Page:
Eclipse Day

A day of learning, fun and celebration

"It’s just a crescent, now!"
"It’s definitely getting cooler."
"Look through the telescope!"

The mood was festive and exploratory as John Jay teachers and students gathered outside the school wearing their district-issued eclipse glasses and watched the moon slowly cover the sun.

Despite Katonah-Lewisboro Schools not being in the Zone of Totality, and the most exciting moments happening after the school day ended, Eclipse 2024 was a day of learning that brought all students into an astronomical event that captivated much of the nation.

Spanish Teacher Brooke Pennica with Class

teaching planetary science

"Why doesn’t a solar or lunar eclipse happen every month?" seventh grade science teacher Suzanne Guziec asked her classes.

Her students created eclipse models with a tennis ball, clear cups, clay and a flashlight that demonstrated how the moon’s orbit around the earth is tilted in relation to the earth’s orbit around the Sun.

“Students have been learning about scale and proportion in math,” said Guziec. “The model helps them to understand how the relatively small size of the moon can block all of the sun."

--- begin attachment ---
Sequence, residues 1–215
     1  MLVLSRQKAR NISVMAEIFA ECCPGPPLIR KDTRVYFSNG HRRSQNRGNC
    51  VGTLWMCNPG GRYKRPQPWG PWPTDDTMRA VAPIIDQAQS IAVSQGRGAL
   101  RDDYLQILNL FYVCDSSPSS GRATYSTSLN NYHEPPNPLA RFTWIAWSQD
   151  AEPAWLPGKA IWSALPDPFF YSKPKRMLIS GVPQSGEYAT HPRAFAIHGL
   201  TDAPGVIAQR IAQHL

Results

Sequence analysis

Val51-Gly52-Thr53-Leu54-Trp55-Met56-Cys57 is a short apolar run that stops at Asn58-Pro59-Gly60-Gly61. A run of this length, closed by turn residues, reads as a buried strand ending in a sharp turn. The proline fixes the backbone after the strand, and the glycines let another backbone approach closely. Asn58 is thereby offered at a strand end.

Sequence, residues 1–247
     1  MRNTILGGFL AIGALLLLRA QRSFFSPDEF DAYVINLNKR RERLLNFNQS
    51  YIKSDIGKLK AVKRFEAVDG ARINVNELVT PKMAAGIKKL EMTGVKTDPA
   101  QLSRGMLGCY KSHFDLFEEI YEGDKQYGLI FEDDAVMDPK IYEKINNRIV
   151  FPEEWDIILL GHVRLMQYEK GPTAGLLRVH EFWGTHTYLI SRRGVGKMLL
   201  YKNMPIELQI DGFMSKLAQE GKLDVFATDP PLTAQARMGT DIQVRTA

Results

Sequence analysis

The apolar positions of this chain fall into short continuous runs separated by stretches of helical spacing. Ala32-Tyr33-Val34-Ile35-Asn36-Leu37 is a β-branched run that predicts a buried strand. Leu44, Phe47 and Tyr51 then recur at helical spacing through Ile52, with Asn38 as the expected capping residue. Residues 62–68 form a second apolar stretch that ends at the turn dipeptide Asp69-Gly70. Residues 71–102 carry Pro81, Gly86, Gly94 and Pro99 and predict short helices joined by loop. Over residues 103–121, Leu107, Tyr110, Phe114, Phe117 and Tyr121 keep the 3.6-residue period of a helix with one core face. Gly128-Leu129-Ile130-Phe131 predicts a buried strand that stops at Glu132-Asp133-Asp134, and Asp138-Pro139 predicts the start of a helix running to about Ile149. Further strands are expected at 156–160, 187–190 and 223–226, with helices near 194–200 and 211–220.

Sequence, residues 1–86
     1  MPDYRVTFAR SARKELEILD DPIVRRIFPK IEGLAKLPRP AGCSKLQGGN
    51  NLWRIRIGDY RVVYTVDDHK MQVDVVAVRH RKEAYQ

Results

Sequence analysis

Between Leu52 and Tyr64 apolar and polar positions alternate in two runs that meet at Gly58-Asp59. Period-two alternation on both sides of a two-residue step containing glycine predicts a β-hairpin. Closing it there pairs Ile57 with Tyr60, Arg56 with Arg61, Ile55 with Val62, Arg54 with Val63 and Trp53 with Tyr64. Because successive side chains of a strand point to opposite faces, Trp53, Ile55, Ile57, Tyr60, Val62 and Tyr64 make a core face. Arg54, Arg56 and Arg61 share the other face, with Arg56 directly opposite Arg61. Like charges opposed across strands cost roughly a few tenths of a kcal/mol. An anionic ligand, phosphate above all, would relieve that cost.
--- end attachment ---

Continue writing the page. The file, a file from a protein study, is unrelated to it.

Making a model of the Eclipse

Teachers sprinkled eclipse-related lessons throughout the day.

At Katonah Elementary School, third grade teacher Lynn Garofolo wove creative writing and social studies into Eclipse Day. She read Solar Eclipse, a poem by Allan Wolf, and students identified the rhyming sequence, personification and other literary devices that the author used.

The class also looked at ancient explanations for eclipses from Chinese, Egyptian, Germanic and Native American cultures, then groups of students created their own myths to explain the phenomena. They shared their stories of two dogs fighting, Orion shooting arrows at the earth, and Zeus and Hades in a power struggle with the whole class.

John Jay's Latin classes talked about the ancients’ response to eclipses, too. “They would see it as a sign from the gods,” said teacher Matt Knittel. He added that the word eclipse comes from the Latin eclipsis, drawn from the Greek ekleipsis, which means to fail to appear.

A Deep Partial Eclipse

Eclipses Across the Curriculum

From playing Solar Eclipse Toss in elementary PE to a look at fast food restaurants’ eclipse specials in Marketing and Business class, April 8 was a day of astronomy-related fun and learning. Even John Jay High School’s morning bell got in on the action, playing a snippet from "Total Eclipse of the Heart" (Bonnie Tyler) at 8:10 to start the day.

“Cross River will be in the Zone of Totality on May 1, 2079,” physics teacher Dan Longhurst said to his students. “It’s a Monday, just like today. Let’s all meet here, shall we?”